To Alexander, Angus and other robots are key to a new wave of local agriculture that aims to raise lettuce, basil and other produce in metropolitan areas while conserving water and sidestepping the high costs of human labor. It’s a big challenge, and some earlier efforts have flopped. Even Google’s “moonshot” laboratory, known as X, couldn’t figure out how to make the economics work.

After raising $6 million and tinkering with autonomous robots for two years, Alexander’s startup Iron Ox says it’s ready to start delivering crops of its robotically grown vegetables to people’s salad bowls. “And they are going to be the best salads you ever tasted,” says the 33-year-old Alexander, a one-time Oklahoma farmboy turned Google engineer turned startup CEO.

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The temperatures of some two dozen plant varietals are monitored at Iron Ox, a robotic indoor farm, in San Carlos, California. VOA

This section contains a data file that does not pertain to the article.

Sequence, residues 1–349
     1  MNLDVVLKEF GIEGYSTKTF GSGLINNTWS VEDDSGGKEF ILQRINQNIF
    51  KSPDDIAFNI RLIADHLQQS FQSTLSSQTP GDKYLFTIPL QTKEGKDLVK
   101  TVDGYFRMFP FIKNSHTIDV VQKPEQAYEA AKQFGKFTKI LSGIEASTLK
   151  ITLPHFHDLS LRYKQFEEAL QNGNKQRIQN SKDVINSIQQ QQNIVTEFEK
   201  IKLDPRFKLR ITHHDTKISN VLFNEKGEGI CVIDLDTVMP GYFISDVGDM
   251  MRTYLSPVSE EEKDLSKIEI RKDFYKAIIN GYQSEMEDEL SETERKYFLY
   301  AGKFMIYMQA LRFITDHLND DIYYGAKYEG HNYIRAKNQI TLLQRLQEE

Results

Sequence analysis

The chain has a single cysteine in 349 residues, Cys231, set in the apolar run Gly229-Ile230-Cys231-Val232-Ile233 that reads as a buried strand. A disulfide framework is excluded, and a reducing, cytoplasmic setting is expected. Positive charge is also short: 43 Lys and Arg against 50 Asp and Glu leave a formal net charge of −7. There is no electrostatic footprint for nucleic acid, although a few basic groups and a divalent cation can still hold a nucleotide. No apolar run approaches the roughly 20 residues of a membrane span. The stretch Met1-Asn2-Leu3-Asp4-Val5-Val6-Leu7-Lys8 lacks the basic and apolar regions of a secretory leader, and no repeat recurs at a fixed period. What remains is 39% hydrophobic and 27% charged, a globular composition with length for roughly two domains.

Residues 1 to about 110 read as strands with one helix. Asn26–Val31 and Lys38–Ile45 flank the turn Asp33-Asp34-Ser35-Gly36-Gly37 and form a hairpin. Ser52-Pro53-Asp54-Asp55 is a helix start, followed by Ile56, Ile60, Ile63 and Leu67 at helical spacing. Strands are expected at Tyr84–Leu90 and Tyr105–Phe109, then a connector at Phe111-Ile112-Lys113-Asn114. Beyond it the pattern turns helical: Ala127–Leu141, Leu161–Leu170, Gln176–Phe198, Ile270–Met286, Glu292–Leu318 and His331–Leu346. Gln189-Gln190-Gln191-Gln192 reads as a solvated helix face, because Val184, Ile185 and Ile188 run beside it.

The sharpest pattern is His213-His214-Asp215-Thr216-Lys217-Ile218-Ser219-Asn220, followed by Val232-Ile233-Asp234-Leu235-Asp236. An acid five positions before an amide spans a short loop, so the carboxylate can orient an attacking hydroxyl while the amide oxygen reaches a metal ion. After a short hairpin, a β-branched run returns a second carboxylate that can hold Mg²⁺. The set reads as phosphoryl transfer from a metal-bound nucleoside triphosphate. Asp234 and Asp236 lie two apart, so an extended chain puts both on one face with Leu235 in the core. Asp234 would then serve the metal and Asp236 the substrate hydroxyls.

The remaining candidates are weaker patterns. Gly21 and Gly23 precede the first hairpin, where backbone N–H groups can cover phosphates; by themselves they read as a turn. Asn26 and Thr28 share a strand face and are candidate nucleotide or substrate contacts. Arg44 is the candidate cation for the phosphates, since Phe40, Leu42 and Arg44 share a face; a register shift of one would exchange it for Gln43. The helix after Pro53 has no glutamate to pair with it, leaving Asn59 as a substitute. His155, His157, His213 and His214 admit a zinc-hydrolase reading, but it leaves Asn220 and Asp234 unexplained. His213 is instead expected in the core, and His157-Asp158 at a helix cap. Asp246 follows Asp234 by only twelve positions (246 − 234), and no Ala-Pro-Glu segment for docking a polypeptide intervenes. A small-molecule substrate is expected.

Iron Ox planted its first robot farm in an 8,000-square-foot warehouse in San Carlos, California, a suburb located 25 miles south of San Francisco. Although no deals have been struck yet, Alexander says Iron Ox has been talking to San Francisco Bay area restaurants interested in buying its leafy vegetables and expects to begin selling to supermarkets next year.

The San Carlos warehouse is only a proving ground for Iron Ox’s long-term goals. It plans to set up robot farms in greenhouses that will rely mostly on natural sunlight instead of high-powered indoor lighting that sucks up expensive electricity. Initially, though, the company will sell its produce at a loss in order to remain competitive.

During the next few years, Iron Ox wants to open robot farms near metropolitan areas across the U.S. to serve up fresher produce to restaurants and supermarkets. Most of the vegetables and fruit consumed in the U.S. is grown in California, Arizona, Mexico and other nations. That means many people in U.S. cities are eating lettuce that’s nearly a week old by the time it’s delivered.